As The U.S. Open Kicks Off, We’re Thankful For Billie Jean King

The U.S. Open kicked off Monday, and we think it’s the perfect occasion to pay respect to tennis champion and three-time Open winner Billie Jean King’s activism. Like Ryan Reynolds, Nina Dobrev, and Rihanna who put their time and money where their mouths are, King leveraged her celebrity to advocate for issues, most memorably for equal pay for women and LGBTQ rights.

Billie Jean King’s Activism Nets Equal Pay For Women

Before 1973, the U.S. Open awarded male players more prize money than female players. Thanks to King’s direct and fearless advocacy, the U.S. Open awarded men and women equal prize money, inspiring other equal pay campaigns inside and outside. The tennis community showed their gratitude to King in 2006, renaming the spot that hosts the U.S. Open the USTA Billie Jean King National Tennis Center in her honor. (Not a bad way to say Thanks!)

King’s Own Story Inspired LGBTQ Movement-Building

King was the first female athlete to come out as a lesbian in 1981. While it was a tumultuous experience, she found her voice as an LGBTQ advocate and eventually served as acting director for the Elton John AIDS Foundation and the National AIDS Fund. She repeatedly speaks out against homophobia and was an advocate for marriage equality.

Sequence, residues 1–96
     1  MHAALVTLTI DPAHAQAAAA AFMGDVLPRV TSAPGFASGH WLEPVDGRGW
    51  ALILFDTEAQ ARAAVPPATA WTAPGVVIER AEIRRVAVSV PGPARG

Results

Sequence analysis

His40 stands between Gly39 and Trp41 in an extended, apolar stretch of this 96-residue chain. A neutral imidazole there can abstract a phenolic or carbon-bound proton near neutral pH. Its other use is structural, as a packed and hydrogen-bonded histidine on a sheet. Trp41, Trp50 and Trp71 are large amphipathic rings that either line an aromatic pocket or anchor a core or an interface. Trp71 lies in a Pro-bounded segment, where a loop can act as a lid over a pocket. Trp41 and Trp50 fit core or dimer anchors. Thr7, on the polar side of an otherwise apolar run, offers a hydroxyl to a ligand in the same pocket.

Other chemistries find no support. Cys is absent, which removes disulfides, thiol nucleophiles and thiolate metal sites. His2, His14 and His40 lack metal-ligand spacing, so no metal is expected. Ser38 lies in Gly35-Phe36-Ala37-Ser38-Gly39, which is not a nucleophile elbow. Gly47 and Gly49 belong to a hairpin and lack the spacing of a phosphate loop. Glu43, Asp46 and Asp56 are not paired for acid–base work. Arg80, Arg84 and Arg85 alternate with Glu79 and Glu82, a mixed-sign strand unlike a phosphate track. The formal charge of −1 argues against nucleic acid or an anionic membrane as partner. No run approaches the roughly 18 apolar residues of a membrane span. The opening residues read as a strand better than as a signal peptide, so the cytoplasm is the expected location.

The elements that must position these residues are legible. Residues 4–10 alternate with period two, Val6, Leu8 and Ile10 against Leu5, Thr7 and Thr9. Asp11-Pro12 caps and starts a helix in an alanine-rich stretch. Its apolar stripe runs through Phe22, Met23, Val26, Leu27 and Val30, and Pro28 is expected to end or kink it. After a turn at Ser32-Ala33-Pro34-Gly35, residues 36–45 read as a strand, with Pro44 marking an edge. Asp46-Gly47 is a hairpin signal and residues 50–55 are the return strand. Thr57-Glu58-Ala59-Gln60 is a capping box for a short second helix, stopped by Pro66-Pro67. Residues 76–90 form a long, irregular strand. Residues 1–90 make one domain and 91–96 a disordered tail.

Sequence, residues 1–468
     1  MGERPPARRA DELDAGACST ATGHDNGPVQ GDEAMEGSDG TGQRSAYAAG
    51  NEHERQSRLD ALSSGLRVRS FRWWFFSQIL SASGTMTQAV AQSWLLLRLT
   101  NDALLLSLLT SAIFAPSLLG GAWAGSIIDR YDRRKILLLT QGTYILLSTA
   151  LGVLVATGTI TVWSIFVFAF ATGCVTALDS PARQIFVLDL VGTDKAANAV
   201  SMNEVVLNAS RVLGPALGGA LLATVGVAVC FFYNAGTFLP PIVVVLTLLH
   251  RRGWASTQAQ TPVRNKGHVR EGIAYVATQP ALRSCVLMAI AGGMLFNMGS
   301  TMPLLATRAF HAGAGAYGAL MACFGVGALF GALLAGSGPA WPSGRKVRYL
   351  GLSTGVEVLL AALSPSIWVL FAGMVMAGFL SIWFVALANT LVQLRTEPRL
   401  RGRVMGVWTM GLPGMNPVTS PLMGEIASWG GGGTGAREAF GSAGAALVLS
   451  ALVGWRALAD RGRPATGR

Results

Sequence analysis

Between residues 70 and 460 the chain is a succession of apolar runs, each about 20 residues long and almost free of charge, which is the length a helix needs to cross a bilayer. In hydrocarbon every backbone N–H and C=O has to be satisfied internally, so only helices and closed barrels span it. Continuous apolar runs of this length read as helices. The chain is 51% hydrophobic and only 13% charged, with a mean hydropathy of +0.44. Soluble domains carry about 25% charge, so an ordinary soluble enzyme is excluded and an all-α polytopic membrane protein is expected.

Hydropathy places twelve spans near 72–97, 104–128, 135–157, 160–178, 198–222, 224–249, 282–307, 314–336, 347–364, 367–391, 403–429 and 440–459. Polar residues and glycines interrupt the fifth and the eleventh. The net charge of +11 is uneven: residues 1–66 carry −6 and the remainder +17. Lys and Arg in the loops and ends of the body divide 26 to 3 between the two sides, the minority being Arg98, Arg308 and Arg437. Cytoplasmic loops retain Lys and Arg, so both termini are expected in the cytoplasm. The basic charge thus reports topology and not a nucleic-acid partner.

Lasting Legacy Of Activism: The Billie Jean King Leadership Initiative

The sports legend could easily rest on her laurels and let the next generation of athletes carry the torch. Instead, she created the Billie Jean King Leadership Initiative, a leadership and diversity not-for-profit, in 2014. The BJKLI confronts the critical issues like race, sexuality and gender to achieve inclusive leadership in sports and business. In addition to the Initiative, King continues to educate on the issues of equal pay and civil rights, as well as lead World Team Tennis, the league where women and men compete on the same teams together.

We send a huge Thanks to King for all she does to advocate for women, the LGBTQ communities, and AIDS — and not just because saying thanks is good for our health.

Are you inspired by Billie Jean King? Find opportunities to plug into humanitarian causes on ThatHelps’ app and share your gratitude to others!

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